Yes initially there is more to click but as usual with Cubase, because of this you get to do more with it once it is set up. Like adjusting how much of each track you wish to send to your SideChain.

They have reduced the clicks from previous versions due to how when turning on sends they are already turned up. They also have ‘Connect sends automatically for each new channel created’ in preferences. Now when you create a new track, that send channel will be routed (but turned off) how you set it up previously. I have this turned off in preferences as i prefer it the other way. Combine both these changes and you now have a 1 click to turn on routing to a sidechain.

If using 2 screens so you have your mixer on the second that is… Sends etc always visible.


If you’re doing ducking for a 4/4 kick i suggest moving to volume shapers. It’s much easier to dial in the release time for the desired pump. On a compressor you have no control over the actual release slope. With a volume shaper you simply draw it in. Another bonus is to easily separate up the frequencies, for example, complete ducking on the lows, 40% on the mid and 20% on the highs. You also get the icing on the cake, the ultimate ducking spice… Adding rhythm to it. You want the first duk of the bar to really slam closed with each following duck to be slightly less. Now you get that head nod to have emphasis on the down beat. This is especially great when creating the invisible kick effect. With a volume shaper you can draw the duked curve in at varying amounts over a phrase of your music. Check out CABLEGUYS!

A Volume Shaper works by simply modulating the volume, which is always better than what a compressor is actually doing to your sound, much easier to avoid unwanted clicks and the distortion due to compression.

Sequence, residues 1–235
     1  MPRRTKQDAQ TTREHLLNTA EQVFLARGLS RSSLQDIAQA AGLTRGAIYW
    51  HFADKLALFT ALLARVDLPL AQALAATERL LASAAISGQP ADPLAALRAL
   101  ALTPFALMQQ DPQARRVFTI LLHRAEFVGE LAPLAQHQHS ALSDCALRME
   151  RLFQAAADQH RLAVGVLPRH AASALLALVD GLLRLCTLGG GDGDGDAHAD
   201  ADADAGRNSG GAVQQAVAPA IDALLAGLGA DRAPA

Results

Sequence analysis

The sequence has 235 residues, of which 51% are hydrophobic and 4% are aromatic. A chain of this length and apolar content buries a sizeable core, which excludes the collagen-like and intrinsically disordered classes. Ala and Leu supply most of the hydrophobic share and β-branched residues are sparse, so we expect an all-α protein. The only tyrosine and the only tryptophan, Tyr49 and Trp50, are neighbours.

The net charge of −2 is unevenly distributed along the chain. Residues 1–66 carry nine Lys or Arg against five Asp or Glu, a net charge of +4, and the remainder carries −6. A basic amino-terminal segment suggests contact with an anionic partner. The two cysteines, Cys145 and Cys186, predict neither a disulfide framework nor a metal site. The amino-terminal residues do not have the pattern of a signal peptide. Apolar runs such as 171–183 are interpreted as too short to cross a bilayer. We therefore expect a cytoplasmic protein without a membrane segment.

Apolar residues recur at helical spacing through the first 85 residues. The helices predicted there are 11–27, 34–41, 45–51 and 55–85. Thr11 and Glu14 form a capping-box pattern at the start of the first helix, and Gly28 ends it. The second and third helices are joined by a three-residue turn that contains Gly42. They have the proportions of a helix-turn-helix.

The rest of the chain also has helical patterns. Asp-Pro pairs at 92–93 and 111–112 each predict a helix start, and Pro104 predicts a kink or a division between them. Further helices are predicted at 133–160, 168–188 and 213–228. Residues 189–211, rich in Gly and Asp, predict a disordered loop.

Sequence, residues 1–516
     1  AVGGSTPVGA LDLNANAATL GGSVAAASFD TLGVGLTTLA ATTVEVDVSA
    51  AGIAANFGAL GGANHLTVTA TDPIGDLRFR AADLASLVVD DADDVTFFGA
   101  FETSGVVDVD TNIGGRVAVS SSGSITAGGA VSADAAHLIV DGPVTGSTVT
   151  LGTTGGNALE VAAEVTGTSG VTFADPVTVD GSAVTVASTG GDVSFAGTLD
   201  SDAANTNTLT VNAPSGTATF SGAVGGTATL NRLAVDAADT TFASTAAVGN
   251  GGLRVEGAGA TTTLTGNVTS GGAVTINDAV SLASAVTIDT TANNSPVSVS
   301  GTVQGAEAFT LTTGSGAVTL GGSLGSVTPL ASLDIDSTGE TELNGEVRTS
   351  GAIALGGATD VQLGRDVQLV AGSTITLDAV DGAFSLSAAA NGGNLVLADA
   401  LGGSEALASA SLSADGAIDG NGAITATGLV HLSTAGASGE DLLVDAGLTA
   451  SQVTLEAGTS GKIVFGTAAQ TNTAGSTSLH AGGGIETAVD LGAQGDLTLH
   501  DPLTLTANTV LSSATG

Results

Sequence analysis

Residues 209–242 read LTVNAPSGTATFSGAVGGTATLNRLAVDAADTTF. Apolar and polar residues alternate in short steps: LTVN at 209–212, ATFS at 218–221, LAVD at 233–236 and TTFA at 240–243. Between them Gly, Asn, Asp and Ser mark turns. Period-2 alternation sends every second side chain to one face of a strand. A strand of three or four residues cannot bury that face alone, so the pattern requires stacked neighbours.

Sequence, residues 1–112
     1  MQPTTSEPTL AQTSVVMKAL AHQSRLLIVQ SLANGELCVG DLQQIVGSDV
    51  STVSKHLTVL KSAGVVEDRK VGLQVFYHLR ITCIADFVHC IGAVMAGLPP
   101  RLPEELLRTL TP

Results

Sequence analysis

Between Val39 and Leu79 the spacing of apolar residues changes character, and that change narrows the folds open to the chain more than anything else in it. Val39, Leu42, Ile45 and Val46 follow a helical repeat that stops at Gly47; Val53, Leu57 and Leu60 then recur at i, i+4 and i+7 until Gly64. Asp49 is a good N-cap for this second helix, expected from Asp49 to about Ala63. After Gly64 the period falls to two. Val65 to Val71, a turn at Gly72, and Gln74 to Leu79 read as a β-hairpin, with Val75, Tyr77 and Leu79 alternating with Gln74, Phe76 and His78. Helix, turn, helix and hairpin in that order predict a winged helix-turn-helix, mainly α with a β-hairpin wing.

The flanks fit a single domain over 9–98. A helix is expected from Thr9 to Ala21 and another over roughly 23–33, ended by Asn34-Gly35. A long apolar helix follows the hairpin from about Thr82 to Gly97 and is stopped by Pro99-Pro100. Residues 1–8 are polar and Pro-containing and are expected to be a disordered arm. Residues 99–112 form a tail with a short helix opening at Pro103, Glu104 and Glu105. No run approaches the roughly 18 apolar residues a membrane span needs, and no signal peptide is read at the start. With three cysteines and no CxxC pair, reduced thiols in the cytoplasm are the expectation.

I’d like to direct you to this article… http://www.soundonsound.com/techniques/ducking-mixdown, especially the last part of it. It’s an old one but highlights why sidechain, especially ducking kind of achieves the opposite of what we truly desire.

When ducking to create room for vocals, using the standard method that mid level producers would attempt, all they are doing is reducing the volume in the music for the loudest part of the vocals, when in actuality its the quietest parts you want the compression to be most active. You need the compressor to work inverted, to compress the music at the quietest parts of the vocal more than the loudest parts.

This is an advanced level trick (not that i’m advanced), at first it’s a little confusing but once the idea ‘snaps’ into understanding BOOM!

Cubases more complex way of doing things makes these advanced level tricks possible and gives you more control over achieving them exactly as you desire.

Wonderful, wonderful read about the reverse phase gating technique for ducking, thank you, mitchiemasha!

Sounds like you are a real fan. I’m looking right now at a section where’s there’s only a piano and solo vocal. It sounds like this could be a cool way to do this … would you know if that has been done on any commercial tracks? Or maybe you’ve done that yourself?

Thanks again for posting!

I couldn’t say for sure if the reverse phase thing is done in any commercial tracks. I’ve not seen it mentioned in any of the hundreds of videos I’ve watched. Usually the compressor set at -50-60 threshold, tiny ratio is enough. Until i read the article I had been doing it wrong, using higher ratios and thresholds. I was already aware of the problem of how the loudest parts of the vocal duk the synths more, enabling us to took the vocal into the track better but losing the quieter parts, i’d experimented with expanders and all sorts.

I make a lot of reedits, mash ups for my Dj sets and sometimes we only have the full track to smash the vocal into. Another limitation of simply using the compressor method is it ducks the full frequency range. Using the reverse phase method we can isolate what ducks. Not that it’s needed anymore… we have dynamic EQ’s or sidechain functionality on multiband compressors.

In Ozone 7 or Neutron we can set a really low threshold, to a sidechain, at the desired frequency range, use the bell curve. We can set the max amount of Db required 1-3db regardless to threshold, unlike a compressor. Now this will start to reduce the synths at a really low level of the vocal, but not keep on reducing (like a compressor would) the louder the vocal gets.

I’d use the sidechained Dynamic Eq method and the sidechained Compressor (Lowest possible ratio, threshold just above noisefloor) method. A few db max on each.